I erroneously assumed that by speaking a mixture of Spanish, French and Catalan I could make myself understood in Italian. We lived in the very chic area of Brera, in the thick of all the upmarket boutiques, museums and restaurants which was quite a contrast to the bucolic Toronto suburbs. However, we embraced the city and were soon nicknamed “Los Amigos” by the affectionate owners of a lovely local trattoria where we became regular fixtures.

Mariate cooks her native tortilla at a London street party

I don´t think I have ever met woman who embraces such diverse pastimes. What sort of activities did you enjoy in whilst living abroad?

I have always sought to take full advantage of every posting. In Toronto I took English and French lessons, cooking classes, learned to ice skate and I even enrolled in a Landscaping course at the University of Toronto, in addition to gardening courses at local community centres. In Milan I took up Italian and soaked up all the art, fashion and design features of our local area. Our time in Dublin was quieter because my hands were full with both babies.

In London, in addition to cookery I took photography courses, joined the PTA at our daughters’ school and became a volunteer in public health activities. I also studied a Masters in Human Nutrition and did a professional cookery course which led to a job as a Cookery Teacher Assistant at school and discovered I really enjoyed teaching.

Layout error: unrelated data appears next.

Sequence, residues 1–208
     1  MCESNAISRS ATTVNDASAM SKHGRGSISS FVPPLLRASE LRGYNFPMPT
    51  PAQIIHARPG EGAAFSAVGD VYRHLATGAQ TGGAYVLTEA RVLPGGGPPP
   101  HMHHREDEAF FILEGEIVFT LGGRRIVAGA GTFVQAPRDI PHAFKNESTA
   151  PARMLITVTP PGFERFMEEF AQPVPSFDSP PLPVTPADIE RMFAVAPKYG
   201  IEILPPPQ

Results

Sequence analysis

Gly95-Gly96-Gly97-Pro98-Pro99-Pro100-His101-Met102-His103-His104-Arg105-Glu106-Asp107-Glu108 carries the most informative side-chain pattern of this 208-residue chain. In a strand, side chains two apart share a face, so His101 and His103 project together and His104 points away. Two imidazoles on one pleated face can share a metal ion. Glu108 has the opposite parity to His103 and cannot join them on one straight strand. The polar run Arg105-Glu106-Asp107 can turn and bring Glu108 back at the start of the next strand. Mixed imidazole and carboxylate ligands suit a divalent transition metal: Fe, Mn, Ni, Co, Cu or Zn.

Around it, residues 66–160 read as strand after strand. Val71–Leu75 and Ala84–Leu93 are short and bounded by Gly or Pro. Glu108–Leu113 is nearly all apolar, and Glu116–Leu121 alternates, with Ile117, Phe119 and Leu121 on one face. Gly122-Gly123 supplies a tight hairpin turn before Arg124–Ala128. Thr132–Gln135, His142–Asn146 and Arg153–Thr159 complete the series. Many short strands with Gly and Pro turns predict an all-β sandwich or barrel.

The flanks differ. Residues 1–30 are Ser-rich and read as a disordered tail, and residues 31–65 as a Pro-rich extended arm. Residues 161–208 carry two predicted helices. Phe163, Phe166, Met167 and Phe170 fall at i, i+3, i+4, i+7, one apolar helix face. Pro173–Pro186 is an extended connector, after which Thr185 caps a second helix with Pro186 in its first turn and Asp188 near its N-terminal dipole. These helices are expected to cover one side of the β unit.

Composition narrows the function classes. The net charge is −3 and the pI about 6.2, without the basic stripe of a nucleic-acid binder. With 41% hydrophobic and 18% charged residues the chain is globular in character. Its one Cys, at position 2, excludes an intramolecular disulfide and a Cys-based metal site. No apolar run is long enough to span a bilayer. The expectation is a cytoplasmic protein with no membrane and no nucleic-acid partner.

Mariate the pharmacist at the pharmacy

Where does your interest in Science stem from?

It runs in the blood as I am a third-generation pharmacist. My father set up an analytical laboratory and my mother ran her own pharmacy so I was surrounded by science since birth!

Your passion for food has also taken on a more gastronomic approach, tell us about your prestigious cookery course you completed in London

Ironically I was a very fussy eater as a child however, during my Pharmacy degree we had to study food science for a year and that became one of my favourite subjects. I hadn´t cooked much before getting married so I took cookery classes when we lived in Toronto. Later on, I enrolled at Leith’s School of Food and Wine fulltime in London with the support of my husband and some childcare. It was a highly demanding yet stimulating experience which I thrived on and now I know how to make proper scones!

Indi enjoys the snow in Richmond Park, London

What international customs have your family absorbed into your own culture/family life?

Plenty of gastronomic ones! Such as maple syrup, porridge for breakfast and my daughters appreciate Indian food after their weekly curry school lunches in London!

What is your role at Manos Unidas charity?

This is a wonderful NGO whose aim is to empower local communities to tackle hunger, health and sanitation issues in Third World countries. I prepare reports on the various projects that Manos Unidas will get involved in for potential investors. My previous academic and professional background is useful and the work is stimulating. I then write up the final reports to show the donors how their money has been spent.  It´s a fascinating role because it´s opened my eyes up to the needs of many different countries as well as the inner workings of an international organisation.

Aquaduct culture in Segovia

If you could wave a magic wand what would you do next in your life?